Elizabeth Holmes's Trial Left Theranos Patients Without Justice

Elizabeth Holmes's life is being thrust back into the spotlight amid Hulu's upcoming docuseries "The Dropout." Holmes claimed that the technology at her blood test start-up Theranos could detect hundreds of results using minimal blood. Her claim was proven false and in 2018, the Securities and Exchange Commission (SEC) charged Holmes with 11 counts of fraud and conspiracy of Theranos investors and patients. In January 2022, she was convicted of four of those charges, but none of them had to do with patients who reported inaccurate testing results.

Prosecutors called on 29 witnesses from doctors to retail executives who distributed Theranos over the course of her trial. Of those 29, two patients testified that the lab technology gave them inaccurate and potentially dangerous results.

Brittany Gould testified that in 2014 she took a Theranos blood test at a Walgreens store in Arizona to measure a pregnancy hormone after learning that was expecting a baby, CNBC reports. After reviewing the results, Gould shared during the trial, "[My nurse practitioner] told me your numbers are falling, unfortunately, and that I was miscarrying." Because of those results, she switched her medication to something potentially harmful to the fetus. However, Gould took two more tests administered by Quest Diagnostics that confirmed she was still pregnant. She eventually delivered a healthy baby.

Theranos patient Erin Tompkins testified that in May 2015 he tested positive for an HIV antibody following a Theranos blood test in Arizona, indicating the virus was present in her body, per CNBC. The outlet reported Tompkins told jurors during Holmes's trial, "I was quite emotional at the time." The patient went on to get two more tests spanned over a few months from another lab confirming that she did not have HIV.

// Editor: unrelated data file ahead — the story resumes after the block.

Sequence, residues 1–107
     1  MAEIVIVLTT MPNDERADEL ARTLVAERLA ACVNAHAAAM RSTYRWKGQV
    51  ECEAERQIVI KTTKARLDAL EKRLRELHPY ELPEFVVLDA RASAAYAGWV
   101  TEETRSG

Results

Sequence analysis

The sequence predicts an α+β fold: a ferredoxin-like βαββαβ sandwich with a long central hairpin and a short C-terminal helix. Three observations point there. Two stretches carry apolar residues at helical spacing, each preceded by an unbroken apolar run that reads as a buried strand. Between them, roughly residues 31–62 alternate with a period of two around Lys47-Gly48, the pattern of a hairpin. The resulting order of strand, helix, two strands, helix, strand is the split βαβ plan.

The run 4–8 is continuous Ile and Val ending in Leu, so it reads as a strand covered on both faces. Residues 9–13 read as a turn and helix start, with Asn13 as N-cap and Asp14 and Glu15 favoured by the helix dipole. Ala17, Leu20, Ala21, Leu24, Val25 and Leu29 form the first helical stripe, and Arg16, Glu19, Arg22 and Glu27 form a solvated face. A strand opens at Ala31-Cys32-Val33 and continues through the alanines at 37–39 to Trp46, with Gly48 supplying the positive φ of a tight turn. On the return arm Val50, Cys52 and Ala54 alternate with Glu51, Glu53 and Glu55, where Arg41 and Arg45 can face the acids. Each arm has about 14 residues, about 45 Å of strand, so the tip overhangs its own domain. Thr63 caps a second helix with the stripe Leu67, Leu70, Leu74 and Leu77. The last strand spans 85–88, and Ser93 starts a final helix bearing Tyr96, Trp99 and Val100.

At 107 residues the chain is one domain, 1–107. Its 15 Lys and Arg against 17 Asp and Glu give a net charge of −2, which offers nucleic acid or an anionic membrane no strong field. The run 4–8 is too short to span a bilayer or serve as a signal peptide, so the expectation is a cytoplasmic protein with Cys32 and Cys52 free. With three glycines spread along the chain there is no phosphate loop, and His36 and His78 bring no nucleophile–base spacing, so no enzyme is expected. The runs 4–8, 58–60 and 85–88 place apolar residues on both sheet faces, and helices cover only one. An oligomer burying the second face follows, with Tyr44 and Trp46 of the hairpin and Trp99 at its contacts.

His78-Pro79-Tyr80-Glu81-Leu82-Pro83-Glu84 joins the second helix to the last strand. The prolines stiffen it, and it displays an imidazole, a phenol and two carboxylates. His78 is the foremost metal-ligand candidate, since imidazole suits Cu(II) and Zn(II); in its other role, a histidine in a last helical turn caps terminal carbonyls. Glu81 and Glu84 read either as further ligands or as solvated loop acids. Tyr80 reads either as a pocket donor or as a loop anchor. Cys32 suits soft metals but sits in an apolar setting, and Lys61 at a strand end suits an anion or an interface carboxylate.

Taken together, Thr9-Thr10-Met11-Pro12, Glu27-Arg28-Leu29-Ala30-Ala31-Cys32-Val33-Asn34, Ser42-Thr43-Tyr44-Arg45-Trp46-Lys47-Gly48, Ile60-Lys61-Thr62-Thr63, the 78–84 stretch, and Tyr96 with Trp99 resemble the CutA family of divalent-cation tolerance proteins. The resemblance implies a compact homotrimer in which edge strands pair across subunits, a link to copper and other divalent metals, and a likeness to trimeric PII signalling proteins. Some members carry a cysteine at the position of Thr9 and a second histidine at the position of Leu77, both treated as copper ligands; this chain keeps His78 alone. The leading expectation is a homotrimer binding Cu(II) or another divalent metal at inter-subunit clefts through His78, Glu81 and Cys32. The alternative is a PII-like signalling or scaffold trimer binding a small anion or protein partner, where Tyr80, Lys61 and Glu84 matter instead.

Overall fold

One juror told The Wall Street Journal that they concluded Theranos had a poorly operated lab but wasn't able to conclude Holmes intentionally wanted patients to have faulty tests. "If all we'd had to prove was that she knew there might be problems in the lab and that might end up harming patients, that would be one thing," Stefanek told the outlet after the Theranos founder's conviction.

Separate from Holmes's federal trial, in 2017, the CEO reached a $4.65 million settlement for consumer fraud of patients who purchased Theranos tests in Arizona. According to USA Today, Theranos sold 1.5 million blood tests between 2013 and 2016 that yielded 7.8 million test results for over 175,000 buyers. More than 10 percent of those results were voided or corrected, according to the outlet. "They said that about 10 percent of the results were inaccurate," Arizona Attorney General Mark Brnovich said in a statement to the outlet. "The problem is, as an Arizona consumer, you don't know whether you were part of that class or not."